The Crow Canyon Archaeological Center announced on Friday that it supports increased protection for the Bears Ears area, a day before U.S. Interior Secretary Sally Jewell and other high-ranking Obama administration officials held a public meeting in Bluff.
The officials toured the area this week and planned a listening session on Saturday, in Bluff, Utah, to hear more from tribes, local residents, and other stakeholders about the future of the region’s public lands.
“The archaeology community supports the tribes in asking for increased protection for the Bears Ears area,” stated Deborah Gangloff, president and CEO of the Crow Canyon Archaeological Center. “As we’ve seen at Chimney Rock and Rio Grande del Norte, national monument designations provide not only increased preservation, but benefits to the tribes who consider the areas sacred. Archaeologists and scientists can conduct additional research, and most importantly, the public is now aware of what each spectacular place has to offer.”
With more than 100,000 archaeological sites, Cedar Mesa and the greater Bears Ears area is America’s most significant unprotected cultural landscape. It is famous for the incredible preservation of its backcountry cliff dwellings, numerous rock art panels and towers, shrines, pueblos and burials.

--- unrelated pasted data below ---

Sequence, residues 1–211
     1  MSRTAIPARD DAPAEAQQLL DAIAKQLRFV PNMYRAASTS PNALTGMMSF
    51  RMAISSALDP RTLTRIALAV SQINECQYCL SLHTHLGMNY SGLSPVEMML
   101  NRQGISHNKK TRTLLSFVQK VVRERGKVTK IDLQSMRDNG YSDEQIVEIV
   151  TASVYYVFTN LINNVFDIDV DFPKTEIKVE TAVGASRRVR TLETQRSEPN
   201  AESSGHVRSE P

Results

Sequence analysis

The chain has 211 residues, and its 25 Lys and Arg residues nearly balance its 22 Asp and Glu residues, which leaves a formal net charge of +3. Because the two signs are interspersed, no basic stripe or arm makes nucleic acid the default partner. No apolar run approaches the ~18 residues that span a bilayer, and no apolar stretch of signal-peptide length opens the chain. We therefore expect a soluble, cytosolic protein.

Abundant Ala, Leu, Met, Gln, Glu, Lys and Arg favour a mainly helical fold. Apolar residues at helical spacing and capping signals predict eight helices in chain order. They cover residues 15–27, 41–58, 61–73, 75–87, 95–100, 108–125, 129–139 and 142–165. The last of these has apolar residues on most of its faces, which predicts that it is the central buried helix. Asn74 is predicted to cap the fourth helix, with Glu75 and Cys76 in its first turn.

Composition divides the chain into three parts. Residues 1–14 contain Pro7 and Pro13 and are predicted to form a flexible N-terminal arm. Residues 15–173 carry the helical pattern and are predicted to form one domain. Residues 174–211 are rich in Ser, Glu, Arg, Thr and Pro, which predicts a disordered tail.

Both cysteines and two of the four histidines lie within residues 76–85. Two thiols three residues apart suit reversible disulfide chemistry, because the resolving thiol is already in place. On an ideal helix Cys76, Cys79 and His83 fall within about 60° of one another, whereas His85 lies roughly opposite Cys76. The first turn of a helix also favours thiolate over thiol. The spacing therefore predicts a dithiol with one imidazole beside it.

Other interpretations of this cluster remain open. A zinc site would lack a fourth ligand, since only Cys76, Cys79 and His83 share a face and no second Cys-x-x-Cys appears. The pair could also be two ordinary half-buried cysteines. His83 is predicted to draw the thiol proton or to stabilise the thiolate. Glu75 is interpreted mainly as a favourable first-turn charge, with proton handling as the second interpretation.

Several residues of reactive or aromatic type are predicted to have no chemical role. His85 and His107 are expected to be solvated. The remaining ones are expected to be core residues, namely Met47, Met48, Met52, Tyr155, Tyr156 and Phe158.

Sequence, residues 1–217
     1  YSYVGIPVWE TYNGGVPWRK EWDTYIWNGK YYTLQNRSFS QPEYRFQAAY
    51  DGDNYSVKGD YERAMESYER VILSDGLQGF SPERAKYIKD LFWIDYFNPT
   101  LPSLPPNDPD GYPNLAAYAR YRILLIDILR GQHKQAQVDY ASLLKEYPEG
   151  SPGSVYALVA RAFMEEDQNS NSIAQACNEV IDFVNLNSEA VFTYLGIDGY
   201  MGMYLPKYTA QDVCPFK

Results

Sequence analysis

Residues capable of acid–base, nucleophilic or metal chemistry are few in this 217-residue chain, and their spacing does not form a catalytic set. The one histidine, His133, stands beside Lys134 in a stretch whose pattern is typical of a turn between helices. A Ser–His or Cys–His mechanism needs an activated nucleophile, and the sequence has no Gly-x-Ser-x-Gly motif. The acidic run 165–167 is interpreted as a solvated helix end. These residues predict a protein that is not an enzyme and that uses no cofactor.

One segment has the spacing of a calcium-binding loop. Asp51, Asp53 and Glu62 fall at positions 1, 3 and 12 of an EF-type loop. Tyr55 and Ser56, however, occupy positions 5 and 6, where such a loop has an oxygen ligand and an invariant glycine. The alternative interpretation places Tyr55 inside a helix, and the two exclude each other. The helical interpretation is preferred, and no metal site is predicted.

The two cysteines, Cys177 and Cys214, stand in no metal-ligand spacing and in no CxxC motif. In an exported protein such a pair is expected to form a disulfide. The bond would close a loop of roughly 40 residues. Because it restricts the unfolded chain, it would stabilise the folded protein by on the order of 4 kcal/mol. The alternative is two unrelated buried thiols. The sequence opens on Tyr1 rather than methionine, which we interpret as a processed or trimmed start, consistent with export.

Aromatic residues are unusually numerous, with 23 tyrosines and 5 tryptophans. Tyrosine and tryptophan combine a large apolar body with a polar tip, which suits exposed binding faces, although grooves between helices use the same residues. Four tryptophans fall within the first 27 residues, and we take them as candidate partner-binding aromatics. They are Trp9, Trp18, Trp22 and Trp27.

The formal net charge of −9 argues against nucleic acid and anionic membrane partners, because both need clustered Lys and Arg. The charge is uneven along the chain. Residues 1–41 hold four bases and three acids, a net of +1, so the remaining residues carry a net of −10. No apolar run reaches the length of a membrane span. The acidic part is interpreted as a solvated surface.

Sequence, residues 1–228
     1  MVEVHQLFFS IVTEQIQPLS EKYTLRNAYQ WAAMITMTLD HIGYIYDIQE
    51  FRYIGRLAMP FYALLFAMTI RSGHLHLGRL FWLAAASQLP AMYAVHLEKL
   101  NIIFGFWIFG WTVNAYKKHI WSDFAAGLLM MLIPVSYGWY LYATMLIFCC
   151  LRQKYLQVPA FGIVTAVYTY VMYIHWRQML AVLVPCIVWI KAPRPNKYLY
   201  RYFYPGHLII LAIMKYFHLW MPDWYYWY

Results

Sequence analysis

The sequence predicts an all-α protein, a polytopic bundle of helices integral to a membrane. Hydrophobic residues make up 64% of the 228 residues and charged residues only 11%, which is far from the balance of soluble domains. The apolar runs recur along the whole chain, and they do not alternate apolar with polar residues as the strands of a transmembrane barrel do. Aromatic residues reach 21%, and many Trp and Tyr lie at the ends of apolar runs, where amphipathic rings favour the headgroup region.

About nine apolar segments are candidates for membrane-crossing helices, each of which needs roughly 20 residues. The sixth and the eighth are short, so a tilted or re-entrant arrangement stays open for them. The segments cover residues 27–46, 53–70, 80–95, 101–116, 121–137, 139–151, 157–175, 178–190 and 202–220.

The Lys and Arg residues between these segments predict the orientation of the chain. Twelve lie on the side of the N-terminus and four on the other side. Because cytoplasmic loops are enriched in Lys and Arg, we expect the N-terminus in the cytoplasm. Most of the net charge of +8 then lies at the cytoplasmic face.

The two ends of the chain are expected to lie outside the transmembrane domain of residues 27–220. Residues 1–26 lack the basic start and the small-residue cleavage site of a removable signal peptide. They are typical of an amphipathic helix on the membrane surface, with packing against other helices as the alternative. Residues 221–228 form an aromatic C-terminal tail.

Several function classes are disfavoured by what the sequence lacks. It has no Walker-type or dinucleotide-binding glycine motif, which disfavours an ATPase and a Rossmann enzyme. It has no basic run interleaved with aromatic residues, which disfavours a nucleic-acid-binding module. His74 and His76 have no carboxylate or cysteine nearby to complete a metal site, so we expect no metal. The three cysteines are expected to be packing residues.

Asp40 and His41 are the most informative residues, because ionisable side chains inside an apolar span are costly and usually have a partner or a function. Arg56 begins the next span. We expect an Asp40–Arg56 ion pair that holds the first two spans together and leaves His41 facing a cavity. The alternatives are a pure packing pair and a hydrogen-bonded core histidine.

“The value of the Bears Ears area to both tribes and archaeologists is beyond question,” said Bill Lipe, a member of the Crow Canyon Archaeological Center board of trustees and a past president of the Society for American Archaeology. Lipe has researched the archaeology of the region for more than 50 years. “We are glad Secretary Jewell has come to Utah, and hope that her increased understanding of the significant cultural importance of Bears Ears will lead to swift action to protect the area.”
In June 2016, more than 700 archaeologists signed a letter to President Barack Obama supporting the designation of a Bears Ears National Monument in southeastern Utah should Congress fail to pass meaningful legislation this year to protect Bears Ears.
“Cedar Mesa and Bears Ears was a formative place in American archaeology. It holds enormous scientific potential to continue to inform us about American prehistory,” continued Lipe. “Given the ongoing looting of the area, if we don’t do something soon, much of the archaeological record of America’s ancient cultures may be lost forever.”